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Chapter Two “His hands are free and he is not anchored” (Vannevar Bush)

( continued)

Before continuing it seems pertinent to first discuss what is intended by the term interaction. A dictionary definition of the word proposes that,

“Interactivity is similar to the degree of responsiveness, and examined as a communication process in which each message is related to the previous messages exchanged, and to the relation of those messages to the messages preceding them.” (Wikipedia, 2005 online)

With regards to this definition, arguably all art works are interactive, as the work of art cannot fully be realised until its being is reacted upon by a viewer. Contrary to this definition, within this dissertation the term will be specifically used in reference to works which utilise an electronic system to counter the responses of the performer and through this dialogue change its “material form” (Rubidge, 2001, online). As Rubidge explains,

“All interactive digital artworks, even those which require the simplest forms of interactivity, are driven by a complex computer system which has been programmed to react in response to certain behaviours from the interacting user. The range of productive behaviour available to the viewer/performer varies — from the simple click of a mouse, touch of a screen, or pressure pad underfoot, to the movement of the nervous system or flow of heat from the body, to full-body engagement in a three-dimensional environment.” (Rubidge, 2001, online)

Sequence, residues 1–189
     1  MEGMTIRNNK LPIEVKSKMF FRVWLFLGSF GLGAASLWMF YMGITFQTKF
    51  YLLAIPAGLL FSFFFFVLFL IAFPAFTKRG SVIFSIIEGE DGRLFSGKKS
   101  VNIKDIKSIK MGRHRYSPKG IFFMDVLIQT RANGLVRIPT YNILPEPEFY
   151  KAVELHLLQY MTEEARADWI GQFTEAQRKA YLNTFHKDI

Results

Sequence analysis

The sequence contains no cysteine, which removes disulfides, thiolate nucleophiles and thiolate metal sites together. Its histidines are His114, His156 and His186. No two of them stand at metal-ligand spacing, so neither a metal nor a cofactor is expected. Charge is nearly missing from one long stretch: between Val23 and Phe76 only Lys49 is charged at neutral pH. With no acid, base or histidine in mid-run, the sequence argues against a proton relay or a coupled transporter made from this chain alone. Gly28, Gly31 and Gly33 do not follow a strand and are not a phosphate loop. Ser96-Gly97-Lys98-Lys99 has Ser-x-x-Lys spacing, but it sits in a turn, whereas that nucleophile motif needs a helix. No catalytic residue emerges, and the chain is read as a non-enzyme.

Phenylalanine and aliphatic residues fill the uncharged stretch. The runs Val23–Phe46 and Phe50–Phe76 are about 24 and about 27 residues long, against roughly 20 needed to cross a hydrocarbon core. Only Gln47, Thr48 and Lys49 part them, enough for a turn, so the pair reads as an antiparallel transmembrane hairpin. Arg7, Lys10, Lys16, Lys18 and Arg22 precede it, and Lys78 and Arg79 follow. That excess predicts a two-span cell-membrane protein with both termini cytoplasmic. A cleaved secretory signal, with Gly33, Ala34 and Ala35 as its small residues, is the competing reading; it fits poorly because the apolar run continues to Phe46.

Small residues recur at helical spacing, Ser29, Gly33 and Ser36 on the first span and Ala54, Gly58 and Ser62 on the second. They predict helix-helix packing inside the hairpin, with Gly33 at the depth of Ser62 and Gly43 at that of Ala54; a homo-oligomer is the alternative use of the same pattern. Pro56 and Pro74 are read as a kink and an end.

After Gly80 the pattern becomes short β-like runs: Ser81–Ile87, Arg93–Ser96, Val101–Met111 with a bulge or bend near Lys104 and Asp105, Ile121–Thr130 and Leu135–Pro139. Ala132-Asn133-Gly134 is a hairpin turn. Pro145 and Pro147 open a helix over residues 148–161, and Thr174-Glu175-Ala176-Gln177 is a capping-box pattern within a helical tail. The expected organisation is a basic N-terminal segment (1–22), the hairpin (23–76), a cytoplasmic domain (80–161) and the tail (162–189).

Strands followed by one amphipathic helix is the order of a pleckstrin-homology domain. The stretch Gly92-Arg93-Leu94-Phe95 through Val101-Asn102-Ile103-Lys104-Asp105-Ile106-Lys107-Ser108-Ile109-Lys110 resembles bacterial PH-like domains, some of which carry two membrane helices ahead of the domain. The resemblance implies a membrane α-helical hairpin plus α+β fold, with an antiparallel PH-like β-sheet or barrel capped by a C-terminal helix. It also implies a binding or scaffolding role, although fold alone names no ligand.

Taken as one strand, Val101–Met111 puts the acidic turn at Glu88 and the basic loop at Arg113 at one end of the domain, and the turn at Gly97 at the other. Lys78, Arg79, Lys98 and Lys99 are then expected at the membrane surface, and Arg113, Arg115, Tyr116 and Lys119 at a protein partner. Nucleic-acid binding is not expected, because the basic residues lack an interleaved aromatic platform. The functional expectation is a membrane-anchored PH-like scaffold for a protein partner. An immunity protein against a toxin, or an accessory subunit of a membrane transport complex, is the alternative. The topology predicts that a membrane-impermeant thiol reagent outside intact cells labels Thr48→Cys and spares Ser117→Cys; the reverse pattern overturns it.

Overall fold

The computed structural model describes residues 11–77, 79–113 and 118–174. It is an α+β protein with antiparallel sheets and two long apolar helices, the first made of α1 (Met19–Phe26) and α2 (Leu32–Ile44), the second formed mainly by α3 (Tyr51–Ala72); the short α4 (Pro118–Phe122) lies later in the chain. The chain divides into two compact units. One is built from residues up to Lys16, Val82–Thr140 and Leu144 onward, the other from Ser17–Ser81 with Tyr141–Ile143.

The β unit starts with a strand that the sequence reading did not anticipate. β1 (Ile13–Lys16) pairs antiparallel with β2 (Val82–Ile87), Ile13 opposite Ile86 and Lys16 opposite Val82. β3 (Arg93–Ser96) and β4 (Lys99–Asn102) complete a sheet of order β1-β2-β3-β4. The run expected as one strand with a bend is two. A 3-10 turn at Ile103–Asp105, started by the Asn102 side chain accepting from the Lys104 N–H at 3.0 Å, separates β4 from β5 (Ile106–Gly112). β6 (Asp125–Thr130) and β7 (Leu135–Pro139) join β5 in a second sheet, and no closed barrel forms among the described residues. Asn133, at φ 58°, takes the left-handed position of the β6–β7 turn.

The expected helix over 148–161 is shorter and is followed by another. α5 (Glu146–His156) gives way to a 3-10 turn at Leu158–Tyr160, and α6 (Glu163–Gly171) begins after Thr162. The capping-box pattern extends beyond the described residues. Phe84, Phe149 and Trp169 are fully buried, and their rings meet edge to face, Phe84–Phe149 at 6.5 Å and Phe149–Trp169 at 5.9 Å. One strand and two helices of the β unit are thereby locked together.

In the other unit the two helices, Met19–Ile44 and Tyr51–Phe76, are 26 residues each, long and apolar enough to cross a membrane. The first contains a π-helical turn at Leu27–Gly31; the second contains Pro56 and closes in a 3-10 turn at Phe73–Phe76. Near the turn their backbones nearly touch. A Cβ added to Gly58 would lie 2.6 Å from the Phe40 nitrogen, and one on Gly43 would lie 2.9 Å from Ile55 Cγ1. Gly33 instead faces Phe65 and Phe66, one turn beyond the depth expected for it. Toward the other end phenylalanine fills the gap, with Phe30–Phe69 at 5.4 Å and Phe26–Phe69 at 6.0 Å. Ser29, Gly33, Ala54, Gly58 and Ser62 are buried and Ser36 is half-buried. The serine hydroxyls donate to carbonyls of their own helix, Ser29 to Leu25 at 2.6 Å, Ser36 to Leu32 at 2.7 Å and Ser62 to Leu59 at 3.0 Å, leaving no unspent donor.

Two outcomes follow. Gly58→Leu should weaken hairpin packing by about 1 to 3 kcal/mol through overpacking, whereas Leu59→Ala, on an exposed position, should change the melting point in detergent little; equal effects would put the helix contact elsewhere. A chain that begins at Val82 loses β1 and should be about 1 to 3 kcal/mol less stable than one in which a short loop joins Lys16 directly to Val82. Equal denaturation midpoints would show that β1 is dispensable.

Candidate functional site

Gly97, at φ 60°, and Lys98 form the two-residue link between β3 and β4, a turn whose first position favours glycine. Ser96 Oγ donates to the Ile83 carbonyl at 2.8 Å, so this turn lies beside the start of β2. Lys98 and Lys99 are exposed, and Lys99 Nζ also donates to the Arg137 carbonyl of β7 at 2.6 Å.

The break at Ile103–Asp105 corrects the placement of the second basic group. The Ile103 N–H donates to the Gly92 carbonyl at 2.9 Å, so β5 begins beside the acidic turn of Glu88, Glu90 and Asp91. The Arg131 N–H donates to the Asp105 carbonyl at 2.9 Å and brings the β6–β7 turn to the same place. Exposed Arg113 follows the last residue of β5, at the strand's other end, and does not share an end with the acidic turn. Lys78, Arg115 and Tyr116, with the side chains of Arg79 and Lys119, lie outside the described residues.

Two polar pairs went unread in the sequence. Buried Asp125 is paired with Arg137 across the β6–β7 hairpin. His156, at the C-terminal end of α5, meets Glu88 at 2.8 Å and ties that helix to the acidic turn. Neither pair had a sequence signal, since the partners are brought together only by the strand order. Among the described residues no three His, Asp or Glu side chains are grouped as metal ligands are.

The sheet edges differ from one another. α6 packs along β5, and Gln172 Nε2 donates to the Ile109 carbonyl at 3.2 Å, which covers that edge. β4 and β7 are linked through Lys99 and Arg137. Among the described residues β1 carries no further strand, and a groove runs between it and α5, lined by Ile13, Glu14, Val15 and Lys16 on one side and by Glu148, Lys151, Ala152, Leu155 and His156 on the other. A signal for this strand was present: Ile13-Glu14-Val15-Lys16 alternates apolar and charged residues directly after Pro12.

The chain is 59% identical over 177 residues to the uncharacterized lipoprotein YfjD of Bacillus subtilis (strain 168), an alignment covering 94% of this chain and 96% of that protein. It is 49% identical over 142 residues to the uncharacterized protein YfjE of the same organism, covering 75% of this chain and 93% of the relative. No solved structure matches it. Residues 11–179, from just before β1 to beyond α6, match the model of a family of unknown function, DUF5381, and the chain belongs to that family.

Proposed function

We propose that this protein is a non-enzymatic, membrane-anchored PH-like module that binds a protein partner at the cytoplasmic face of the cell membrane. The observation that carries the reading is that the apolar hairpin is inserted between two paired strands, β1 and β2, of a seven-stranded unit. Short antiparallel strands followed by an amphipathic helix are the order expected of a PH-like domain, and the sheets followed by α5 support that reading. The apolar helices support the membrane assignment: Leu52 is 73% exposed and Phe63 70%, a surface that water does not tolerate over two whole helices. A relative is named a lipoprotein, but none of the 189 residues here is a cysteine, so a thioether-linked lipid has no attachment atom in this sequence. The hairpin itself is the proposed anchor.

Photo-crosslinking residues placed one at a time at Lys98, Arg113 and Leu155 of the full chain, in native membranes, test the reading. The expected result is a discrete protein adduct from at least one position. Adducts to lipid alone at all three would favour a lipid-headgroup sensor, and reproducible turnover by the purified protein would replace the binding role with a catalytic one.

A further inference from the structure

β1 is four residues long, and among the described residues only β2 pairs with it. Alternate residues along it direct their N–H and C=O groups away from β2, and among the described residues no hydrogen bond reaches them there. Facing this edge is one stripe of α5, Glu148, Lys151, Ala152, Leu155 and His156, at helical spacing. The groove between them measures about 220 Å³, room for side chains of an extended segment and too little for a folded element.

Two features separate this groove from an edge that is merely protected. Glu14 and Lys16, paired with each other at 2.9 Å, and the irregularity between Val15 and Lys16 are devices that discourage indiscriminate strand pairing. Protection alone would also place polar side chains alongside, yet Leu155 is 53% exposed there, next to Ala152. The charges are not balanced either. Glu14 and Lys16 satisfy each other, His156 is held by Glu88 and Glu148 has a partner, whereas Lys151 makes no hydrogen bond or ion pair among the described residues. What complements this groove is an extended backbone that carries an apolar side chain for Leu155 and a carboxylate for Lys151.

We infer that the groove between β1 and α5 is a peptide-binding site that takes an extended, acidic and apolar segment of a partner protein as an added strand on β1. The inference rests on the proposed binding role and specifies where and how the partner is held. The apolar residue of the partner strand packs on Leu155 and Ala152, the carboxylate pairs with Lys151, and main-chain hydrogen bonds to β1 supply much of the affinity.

So what are the advantages and new artistic possibilities available to those who choose to create a digitally mediated artwork? The implications of utilising virtual environments are issues which colour not only the creation of the work, but the way it is experienced by the viewer. Firstly there are questions as to the disembodiment of the performer in such an environment, where disparity exists between the body’s proprioception and the weightless physicality that virtual reality employs. Once within a virtual environment who exhibits control over the virtual reality and the body within it? If the performer interacts with the work to a level where their creative responses are integral to the growth and shift of the work, does this make the performer co-creator? Troika Ranch and Palindrome are two companies that make technology an integral part of their artistic process and even create new technology themselves for the development of this hybrid artform. Their concern for audience response and interaction is key to the work they create, even at the most subtle of levels. Robert Wechsler artistic director for Palindrome, discusses issues relating to audience involvement in his essay Computers and Art: a dancer's perspective (1997), explaining how currently in most cases the use of interactivity is somewhat simplistic and that further development is required, “The ideal that I seek, that of a creative venture, initiated and guided by an artist, but which also receives real artistic input from the public, remains elusive”. (Wechsler, 1997, online) Despite this indefinability Wechsler still strives to push the boundaries of his art, finding new solutions to the problems faced when disciplines combine and boundaries blur as in digital dance work. For Wechsler and many others, the lure of democratising art for the masses is too strong and the artistic journey too inviting.


intro : what : works : writing